Ottawa gets a big miss from Sandy

Hurricane Sandy let Eastern Ontario off easy.

Despite overnight wind gusts of 74 km/h, post-tropical storm Sandy has weakened considerably and is now “basically just a regular low-pressure system situated over central to western Pennsylvania,” said Environment Canada meteorologist Peter Kimbell.

Overnight rain was minimal.

“We got 0.4 mm, which is less than we were expecting,” said Kimbell. “We knew rainfall would not be the big issue for us.”

The system gave the New Jersey coastline a beating on Monday, flooding New York City, halting the subway system, closing the New York Stock Exchange for two consecutive days, and affecting the U.S. presidential campaign.

At least 12 people were reportedly killed along the eastern seaboard — including a woman in Toronto. The woman in her 50s died after being struck in the head by a Staples store sign.

The storm has also left an estimated 6 million Americans without electrical power.

Across the province, Emergency Management Ontario was reporting more than 147,000 customers this morning without power due to heavy winds causing downed trees and power lines.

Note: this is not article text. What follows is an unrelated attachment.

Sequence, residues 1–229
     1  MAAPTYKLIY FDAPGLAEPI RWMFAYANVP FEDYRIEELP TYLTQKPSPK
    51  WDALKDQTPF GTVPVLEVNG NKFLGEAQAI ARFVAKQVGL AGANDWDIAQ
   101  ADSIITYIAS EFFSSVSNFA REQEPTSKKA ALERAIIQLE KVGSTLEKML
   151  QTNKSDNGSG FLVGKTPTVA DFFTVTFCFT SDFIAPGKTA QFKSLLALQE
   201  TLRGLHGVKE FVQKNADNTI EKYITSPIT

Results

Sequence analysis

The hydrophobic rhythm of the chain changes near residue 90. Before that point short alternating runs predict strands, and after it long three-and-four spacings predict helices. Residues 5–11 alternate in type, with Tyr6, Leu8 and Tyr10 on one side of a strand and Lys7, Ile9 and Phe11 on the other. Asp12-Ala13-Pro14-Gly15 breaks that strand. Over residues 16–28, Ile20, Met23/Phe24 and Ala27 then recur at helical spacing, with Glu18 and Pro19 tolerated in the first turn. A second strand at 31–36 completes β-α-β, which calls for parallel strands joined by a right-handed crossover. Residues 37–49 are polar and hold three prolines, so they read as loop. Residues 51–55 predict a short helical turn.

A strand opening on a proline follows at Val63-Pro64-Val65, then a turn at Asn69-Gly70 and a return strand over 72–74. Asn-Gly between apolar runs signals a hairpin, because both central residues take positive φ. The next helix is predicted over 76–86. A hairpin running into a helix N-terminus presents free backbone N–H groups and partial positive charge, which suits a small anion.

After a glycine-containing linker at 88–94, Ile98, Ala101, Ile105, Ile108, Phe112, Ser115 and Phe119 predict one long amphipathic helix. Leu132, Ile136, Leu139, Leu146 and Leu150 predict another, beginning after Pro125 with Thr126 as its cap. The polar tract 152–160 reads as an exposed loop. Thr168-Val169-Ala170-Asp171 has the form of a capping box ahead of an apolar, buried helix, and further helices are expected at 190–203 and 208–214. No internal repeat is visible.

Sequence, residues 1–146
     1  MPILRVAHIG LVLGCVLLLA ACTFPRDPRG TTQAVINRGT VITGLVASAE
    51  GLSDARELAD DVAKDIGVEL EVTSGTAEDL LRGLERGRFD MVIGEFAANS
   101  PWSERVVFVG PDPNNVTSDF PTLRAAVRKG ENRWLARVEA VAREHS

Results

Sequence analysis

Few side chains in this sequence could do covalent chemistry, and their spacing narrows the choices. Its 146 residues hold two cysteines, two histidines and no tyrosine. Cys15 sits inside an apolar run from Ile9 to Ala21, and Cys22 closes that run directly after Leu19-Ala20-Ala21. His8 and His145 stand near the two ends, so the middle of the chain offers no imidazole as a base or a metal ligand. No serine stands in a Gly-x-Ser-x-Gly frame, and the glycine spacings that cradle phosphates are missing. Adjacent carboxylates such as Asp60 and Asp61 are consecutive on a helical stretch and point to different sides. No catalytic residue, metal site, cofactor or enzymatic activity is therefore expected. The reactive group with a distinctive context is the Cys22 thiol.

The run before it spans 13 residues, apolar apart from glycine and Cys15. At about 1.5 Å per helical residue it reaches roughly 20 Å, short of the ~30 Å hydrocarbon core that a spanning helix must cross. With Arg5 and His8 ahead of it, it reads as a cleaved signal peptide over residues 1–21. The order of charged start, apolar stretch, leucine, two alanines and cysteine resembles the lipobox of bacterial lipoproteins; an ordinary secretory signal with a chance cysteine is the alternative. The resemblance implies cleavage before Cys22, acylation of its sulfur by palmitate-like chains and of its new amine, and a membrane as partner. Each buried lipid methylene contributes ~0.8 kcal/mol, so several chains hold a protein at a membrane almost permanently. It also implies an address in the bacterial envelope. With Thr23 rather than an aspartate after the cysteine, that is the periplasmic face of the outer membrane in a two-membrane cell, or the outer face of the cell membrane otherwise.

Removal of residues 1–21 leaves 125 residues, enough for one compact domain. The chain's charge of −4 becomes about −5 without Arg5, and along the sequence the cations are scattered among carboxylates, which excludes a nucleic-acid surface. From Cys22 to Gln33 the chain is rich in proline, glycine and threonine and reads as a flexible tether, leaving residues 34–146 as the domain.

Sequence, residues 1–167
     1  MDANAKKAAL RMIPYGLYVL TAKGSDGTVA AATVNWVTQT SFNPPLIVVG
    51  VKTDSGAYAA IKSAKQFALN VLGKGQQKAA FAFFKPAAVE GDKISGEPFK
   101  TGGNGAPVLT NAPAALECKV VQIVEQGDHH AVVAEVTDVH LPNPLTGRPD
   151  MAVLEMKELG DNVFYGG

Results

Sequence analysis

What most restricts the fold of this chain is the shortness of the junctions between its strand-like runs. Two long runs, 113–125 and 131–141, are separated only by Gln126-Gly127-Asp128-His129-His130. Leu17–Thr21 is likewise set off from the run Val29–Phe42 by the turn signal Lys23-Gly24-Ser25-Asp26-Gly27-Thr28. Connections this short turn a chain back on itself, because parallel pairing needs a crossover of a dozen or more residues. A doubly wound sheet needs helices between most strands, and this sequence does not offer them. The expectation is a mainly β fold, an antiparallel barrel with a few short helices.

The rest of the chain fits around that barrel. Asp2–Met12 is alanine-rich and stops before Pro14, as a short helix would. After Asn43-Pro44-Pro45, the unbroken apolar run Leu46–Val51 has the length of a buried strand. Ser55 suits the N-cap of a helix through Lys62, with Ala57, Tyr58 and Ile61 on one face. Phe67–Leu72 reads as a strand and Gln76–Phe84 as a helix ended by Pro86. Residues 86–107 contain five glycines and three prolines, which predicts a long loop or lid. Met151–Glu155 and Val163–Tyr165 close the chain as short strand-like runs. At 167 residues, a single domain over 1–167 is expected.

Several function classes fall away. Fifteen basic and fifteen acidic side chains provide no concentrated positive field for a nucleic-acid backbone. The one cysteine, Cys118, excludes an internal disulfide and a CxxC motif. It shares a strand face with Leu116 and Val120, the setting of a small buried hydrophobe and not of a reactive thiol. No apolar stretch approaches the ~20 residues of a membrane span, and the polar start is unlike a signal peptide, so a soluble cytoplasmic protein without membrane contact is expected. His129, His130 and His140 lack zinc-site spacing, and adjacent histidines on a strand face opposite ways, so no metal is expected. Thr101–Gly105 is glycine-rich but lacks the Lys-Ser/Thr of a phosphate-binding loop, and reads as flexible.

Southern Ontario saw stronger wind gusts on Monday night, with Sarnia clocking 100 km/h, Burlington close behind at 95 km/h, and Toronto at 80 to 90 km, Kimbell said.

Waterloo, Peterborough, and Owen Sound were also hit hard, minister of energy Chris Bentley said a statement.

Back at home, strong winds fuelled a rural east end porch blaze, which had fire screws scrambling.

A call came in at 1:07 a.m. for a fire at 5241 Saumure Rd., near Vars, between Russell Rd. & Devine Rd. Firefighters aggressively attacked the flames, extinguishing the blaze before it extended into the attached house.

Early estimates pegged damage at $25,000 and the cause is under investigation.

The storm will continue to move northward Tuesday night Wednesday into Eastern Ontario and Western Quebec, “but that’s really kind of irrelevant,” said Kimbell.

Because it had a tropical origin, the warm air has “what we call ‘wrapped itself’ all the way around to the Maritime provinces and Quebec, and even Eastern Ontario, which is why, if you go outside, we’re relatively warm,” Kimbell said.

Tuesday morning was 14C — warm for October, considering the average high is 8C, said Kimbell.

Showers are expected from Tuesday through Thursday “and then we cool down substantially on Friday,” said Kimbell, with a high of 2C.

Weather along the eastern seaboard continues to affect air travel.

An advisory was issued by the Ottawa International Airport Authority. Most flights to and from New York, Toronto, Newark, Boston, Washington, Philadelphia, and Halifax were cancelled Tuesday.

http://www.ottawasun.com/2012/10/30/ottawa-gets-a-big-miss-from-sandy

Travellers should check with carriers before heading to the airport.

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